- upgraded 4 range items and secured funding for planned upgrades to an additional 9 range items,
- planned upgrades, but is awaiting funding, for 1 range item upgrade,
- relied on redundant systems for 4 range items, and
- plans to divest 18 range items.
The Space Force expects the planned upgrades, regardless of funding status, to be complete prior to 2024.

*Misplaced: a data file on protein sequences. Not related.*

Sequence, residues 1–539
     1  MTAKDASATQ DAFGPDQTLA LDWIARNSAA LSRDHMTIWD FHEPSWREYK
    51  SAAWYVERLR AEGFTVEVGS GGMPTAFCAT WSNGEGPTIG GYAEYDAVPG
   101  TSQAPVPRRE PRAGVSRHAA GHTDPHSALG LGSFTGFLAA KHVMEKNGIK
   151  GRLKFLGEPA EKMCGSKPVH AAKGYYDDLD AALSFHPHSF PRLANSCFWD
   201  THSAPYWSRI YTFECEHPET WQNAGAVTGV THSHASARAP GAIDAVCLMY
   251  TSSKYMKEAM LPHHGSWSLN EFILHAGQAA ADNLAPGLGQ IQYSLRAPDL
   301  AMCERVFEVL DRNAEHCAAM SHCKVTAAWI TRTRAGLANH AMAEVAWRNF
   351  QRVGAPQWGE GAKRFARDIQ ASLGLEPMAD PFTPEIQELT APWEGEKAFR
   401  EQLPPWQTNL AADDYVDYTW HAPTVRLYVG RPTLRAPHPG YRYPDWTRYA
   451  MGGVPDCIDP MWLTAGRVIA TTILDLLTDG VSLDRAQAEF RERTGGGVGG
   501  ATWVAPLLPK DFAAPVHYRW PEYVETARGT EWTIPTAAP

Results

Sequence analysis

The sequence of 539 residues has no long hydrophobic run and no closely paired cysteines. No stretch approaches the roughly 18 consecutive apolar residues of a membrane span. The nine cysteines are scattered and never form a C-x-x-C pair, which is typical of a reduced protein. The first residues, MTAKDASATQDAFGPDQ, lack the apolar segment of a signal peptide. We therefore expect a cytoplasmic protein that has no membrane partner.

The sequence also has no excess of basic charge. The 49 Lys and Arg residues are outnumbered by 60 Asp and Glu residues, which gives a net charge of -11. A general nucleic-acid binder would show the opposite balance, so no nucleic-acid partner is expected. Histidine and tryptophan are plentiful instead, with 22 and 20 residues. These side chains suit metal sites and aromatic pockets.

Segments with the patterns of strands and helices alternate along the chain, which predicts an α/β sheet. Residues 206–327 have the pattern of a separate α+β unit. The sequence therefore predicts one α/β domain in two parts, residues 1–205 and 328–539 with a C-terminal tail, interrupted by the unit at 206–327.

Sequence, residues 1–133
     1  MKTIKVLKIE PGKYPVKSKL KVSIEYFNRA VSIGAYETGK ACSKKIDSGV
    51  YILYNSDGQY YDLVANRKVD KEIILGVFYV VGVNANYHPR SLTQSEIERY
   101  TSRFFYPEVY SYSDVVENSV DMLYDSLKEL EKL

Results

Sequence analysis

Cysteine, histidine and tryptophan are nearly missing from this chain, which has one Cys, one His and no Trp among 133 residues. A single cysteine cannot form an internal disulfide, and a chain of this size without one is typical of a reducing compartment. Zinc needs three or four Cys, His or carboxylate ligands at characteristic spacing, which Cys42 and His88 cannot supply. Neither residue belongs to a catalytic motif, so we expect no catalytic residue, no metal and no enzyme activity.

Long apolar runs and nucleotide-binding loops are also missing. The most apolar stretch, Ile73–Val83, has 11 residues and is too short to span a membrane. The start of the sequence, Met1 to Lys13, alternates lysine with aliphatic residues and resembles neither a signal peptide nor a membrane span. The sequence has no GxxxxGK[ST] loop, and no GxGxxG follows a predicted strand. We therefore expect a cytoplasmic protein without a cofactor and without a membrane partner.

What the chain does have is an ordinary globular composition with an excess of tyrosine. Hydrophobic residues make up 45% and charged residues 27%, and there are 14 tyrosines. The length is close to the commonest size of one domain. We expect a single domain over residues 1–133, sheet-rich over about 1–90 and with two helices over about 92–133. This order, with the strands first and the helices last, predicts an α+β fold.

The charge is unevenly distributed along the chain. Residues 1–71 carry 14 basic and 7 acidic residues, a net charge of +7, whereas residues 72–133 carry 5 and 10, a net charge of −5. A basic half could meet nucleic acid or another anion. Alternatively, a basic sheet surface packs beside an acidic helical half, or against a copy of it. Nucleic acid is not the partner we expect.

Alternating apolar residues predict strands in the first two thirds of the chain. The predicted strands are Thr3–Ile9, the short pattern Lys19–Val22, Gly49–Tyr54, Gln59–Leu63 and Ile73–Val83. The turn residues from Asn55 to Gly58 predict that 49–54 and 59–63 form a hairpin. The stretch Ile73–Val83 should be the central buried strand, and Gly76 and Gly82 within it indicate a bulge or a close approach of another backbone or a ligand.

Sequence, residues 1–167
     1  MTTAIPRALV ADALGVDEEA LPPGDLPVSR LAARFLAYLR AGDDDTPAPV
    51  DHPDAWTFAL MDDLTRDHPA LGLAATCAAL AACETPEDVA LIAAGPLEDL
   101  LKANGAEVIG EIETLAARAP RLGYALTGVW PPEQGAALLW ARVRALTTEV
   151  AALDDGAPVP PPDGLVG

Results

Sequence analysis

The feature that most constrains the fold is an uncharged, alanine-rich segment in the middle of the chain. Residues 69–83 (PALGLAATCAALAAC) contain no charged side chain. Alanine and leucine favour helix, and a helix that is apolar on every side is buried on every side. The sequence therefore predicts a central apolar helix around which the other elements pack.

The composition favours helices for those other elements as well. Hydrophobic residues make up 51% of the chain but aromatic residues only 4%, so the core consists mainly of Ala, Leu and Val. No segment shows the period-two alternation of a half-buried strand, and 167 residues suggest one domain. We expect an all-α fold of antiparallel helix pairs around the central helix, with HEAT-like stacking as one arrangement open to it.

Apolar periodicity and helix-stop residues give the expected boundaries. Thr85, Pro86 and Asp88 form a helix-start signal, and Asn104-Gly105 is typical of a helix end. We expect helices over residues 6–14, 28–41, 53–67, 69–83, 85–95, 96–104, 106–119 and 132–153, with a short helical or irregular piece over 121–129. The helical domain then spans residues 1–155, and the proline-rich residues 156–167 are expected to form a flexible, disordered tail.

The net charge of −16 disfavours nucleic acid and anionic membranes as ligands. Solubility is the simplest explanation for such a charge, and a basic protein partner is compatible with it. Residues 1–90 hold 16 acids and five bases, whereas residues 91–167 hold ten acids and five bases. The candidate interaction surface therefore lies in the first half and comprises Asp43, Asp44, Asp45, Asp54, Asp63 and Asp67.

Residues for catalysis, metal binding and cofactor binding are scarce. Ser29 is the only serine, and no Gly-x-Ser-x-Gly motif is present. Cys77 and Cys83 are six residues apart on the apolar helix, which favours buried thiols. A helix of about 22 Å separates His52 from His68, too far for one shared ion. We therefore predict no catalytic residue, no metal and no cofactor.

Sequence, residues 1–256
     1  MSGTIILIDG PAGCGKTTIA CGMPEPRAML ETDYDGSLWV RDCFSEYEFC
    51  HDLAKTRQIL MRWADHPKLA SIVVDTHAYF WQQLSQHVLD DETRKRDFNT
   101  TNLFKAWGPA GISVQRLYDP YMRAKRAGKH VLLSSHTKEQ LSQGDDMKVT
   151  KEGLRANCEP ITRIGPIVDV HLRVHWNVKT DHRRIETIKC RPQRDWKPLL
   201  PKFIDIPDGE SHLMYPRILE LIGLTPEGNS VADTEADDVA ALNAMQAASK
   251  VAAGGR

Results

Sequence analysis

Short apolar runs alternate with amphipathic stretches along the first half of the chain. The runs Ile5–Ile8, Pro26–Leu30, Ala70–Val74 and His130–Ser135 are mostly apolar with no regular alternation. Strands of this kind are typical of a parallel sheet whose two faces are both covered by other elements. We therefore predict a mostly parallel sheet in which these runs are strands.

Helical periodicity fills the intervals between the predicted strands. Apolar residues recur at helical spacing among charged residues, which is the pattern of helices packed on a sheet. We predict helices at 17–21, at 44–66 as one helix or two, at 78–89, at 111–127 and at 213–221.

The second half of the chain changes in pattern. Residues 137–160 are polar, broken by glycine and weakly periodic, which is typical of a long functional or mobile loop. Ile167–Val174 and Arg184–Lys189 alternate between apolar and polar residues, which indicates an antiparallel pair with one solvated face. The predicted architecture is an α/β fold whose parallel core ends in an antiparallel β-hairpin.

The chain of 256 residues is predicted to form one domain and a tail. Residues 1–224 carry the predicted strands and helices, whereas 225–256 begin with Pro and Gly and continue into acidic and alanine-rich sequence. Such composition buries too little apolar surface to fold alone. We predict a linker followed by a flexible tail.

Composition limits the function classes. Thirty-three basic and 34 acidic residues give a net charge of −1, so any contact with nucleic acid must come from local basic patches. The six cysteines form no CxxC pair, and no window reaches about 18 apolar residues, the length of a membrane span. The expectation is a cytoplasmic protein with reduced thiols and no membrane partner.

The Chief of Space Operations also directed launch providers using the eastern and western ranges to adopt the Autonomous Flight Safety System (AFSS) by October 1, 2025. The AFSS is a launch-vehicle mounted system with the capability to track and, if necessary, terminate a launch vehicle’s flight. This capability makes many range items that are currently used to ensure safety during a launch unnecessary. The range‑item upgrade efforts and the Chief of Space Operations mandate that launch providers transition to AFSS are part of a broader initiative to modernize the eastern and western ranges. The Space Force refers to this modernization initiative as the “Range of the Future 2028.” Under this initiative, the Space Force is upgrading its legacy range communication architecture to a modern architecture that will enable launch providers to use their own range instrumentation rather than rely on Space Force range items. This upgrade will enable the Space Force to decommission and replace some range items; this should further reduce the number of obsolete range items on which the Space Force relies to support launches.